The movie's popularity would soon pave the way for future kaiju movies (or giant monster movies) that followed. Like Godzilla, subsequent kaiju creatures take a more metaphorical approach in their monster’s design and what they symbolized, with characters like Mothra, for example, representing the balance of nature in the modern world.
Streaming on HBO Max
Stephen King has a long history of producing monster-related novels and short stories that feature some kind of horrifying creature murdering and eating people.
While it's tempting to include King’s most famous and commercially successful monster movie (the 2017 adaptation It) as an entry on this list, ultimately we wanted to shed some light on a highly underrated King adaptation that frankly doesn't get the credit it rightfully deserves.
Directed by Frank Darabont (who also directed the award-winning Shawshank Redemption and The Green Mile), The Mist follows a group of average people who gather at their local Maine grocery store to pick up supplies after a heavy storm knocks out their power. While there, a strange mist blows through town, inside of which menacing creatures (giant insects, dinosaur-like flying monsters, huge Lovecraftian kaiju, etc.) dwell, ready to devour anyone who ventures outside.
In essence, it's a plot that closely mirrors single-setting survivor-type stories like the zombie films of George Romero (Night of the Living Dead, for example).
The genius of this film, though, is its unique approach to its single-setting location, using the chaos and monsters outside the store and juxtaposing it with the fear and anxiety that slowly engulfs the survivors, who begin to become just as monstrous as the creatures.
It's an underrated gem among the adapted works of Stephen King, and what's more, has one of the most downbeat, depressing endings in all of film (that's probably not a major selling point for those who like happier endings, but you have to admire the guts of the movie to end the way it does).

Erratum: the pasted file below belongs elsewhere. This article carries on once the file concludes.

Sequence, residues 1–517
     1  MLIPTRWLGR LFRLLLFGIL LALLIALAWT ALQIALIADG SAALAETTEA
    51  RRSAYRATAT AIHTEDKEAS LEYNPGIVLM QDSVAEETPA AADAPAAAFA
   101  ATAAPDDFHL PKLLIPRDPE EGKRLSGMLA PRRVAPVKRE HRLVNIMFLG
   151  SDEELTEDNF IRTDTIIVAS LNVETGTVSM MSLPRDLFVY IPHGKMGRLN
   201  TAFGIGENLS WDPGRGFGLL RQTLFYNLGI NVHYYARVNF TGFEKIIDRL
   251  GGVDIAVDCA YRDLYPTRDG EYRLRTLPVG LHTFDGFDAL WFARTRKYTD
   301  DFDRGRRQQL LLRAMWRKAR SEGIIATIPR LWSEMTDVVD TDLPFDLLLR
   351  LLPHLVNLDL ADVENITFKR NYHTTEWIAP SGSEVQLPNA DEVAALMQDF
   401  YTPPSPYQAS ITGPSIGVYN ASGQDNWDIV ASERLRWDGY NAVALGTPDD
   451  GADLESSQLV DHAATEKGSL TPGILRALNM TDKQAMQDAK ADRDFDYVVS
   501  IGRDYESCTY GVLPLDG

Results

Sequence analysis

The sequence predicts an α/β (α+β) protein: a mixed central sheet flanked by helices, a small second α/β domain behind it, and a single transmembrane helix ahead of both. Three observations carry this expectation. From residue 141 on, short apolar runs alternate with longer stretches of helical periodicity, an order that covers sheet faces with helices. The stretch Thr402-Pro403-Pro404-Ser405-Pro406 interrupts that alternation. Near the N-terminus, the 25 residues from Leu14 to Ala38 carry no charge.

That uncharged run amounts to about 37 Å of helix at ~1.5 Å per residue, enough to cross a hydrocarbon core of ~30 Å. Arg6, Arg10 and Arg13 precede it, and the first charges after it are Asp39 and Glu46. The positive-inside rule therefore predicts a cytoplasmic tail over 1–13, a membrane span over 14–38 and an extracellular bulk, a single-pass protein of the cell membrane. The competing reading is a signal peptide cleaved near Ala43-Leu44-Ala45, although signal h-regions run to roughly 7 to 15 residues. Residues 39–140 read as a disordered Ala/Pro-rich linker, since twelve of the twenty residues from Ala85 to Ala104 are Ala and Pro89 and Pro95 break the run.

Interestingly, the film was re-released in a black-and-white format, which was Darabont's “preferred version,” so if you're able to get your hands on that version, we'd highly recommend watching it.
Not currently streaming, but can be rented online
“Natural horror” is a category onto itself within the creature feature subgenre. Broadly speaking, these are movies that feature animals or plant life that pose some kind of threat to human life. Divided into two categories, these films either feature a large variety of animals in abundance targeting humans (The Birds, Piranha, Arachnophobia, Snakes on a Plane) or have one creature far larger than its usual size (Grizzly, Anaconda, Lake Placid, Deep Blue Sea, Razorback).
When it comes to choosing the definitive best example of a natural horror movie that fits within the creature feature, you can hardly find a better film than Steven Spielberg's classic, Jaws.
Set on the coastal New England island town of Amity, Jaws tells the story of a colossal great white shark that begins preying on swimmers as the town prepares for its annual Fourth of July celebration. After several attacks ends in multiple swimmers' deaths, the sheriff of Amity Island (Roy Scheider) joins a bookish oceanographer (Roy Dreyfuss) and an expert fisherman (Robert Shaw) as they try to hunt the shark down for good.
The film that established Spielberg as a director and was also the movie credited with creating the modern summer blockbuster, Jaws remains one of the highlights of Spielberg's career, nearly 50 years after its release. It's the superb premise, script, and John Williams' now-famous score that won the praise when the film hit theaters in 1975, as did the performances of the three principal actors.